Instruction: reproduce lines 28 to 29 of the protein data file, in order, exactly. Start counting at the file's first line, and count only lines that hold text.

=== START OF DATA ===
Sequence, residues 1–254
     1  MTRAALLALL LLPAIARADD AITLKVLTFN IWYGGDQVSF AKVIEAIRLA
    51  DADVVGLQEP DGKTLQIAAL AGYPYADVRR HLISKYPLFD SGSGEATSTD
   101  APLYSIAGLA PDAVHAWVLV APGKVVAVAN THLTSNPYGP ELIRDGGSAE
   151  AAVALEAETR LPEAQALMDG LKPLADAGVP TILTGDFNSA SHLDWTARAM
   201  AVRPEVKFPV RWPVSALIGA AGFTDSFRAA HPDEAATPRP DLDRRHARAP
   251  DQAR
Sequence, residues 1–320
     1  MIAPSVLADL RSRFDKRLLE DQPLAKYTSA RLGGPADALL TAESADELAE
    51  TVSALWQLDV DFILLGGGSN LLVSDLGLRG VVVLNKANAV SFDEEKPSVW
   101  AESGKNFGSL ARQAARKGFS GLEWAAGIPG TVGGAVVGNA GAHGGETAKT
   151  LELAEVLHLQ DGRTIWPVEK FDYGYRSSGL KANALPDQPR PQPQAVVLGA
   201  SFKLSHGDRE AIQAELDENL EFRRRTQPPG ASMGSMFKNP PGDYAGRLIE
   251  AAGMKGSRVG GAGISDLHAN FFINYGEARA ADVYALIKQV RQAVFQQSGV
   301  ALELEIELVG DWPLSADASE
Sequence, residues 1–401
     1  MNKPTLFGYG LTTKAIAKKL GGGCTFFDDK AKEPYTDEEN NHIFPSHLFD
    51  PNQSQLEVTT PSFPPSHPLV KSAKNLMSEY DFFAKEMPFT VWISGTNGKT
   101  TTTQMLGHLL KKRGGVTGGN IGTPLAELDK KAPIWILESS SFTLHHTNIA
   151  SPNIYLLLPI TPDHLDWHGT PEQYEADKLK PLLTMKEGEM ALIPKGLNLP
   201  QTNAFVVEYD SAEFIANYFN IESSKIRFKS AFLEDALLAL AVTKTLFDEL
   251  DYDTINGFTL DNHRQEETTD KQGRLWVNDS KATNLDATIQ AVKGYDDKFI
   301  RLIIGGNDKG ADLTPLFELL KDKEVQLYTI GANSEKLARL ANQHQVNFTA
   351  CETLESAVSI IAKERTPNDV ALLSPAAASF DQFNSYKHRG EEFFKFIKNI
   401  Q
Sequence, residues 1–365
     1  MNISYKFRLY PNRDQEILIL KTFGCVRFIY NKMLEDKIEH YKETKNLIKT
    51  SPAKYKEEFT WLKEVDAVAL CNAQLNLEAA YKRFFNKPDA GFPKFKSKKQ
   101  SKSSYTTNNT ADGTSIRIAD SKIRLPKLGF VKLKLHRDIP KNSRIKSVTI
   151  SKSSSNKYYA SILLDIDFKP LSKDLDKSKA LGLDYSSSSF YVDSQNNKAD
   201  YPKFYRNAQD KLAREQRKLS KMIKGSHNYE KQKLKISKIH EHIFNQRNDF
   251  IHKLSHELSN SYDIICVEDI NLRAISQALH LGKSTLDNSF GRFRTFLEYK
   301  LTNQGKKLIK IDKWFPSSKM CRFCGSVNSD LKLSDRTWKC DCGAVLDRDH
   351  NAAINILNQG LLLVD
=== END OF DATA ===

    51  SPAKYKEEFT WLKEVDAVAL CNAQLNLEAA YKRFFNKPDA GFPKFKSKKQ
   101  SKSSYTTNNT ADGTSIRIAD SKIRLPKLGF VKLKLHRDIP KNSRIKSVTI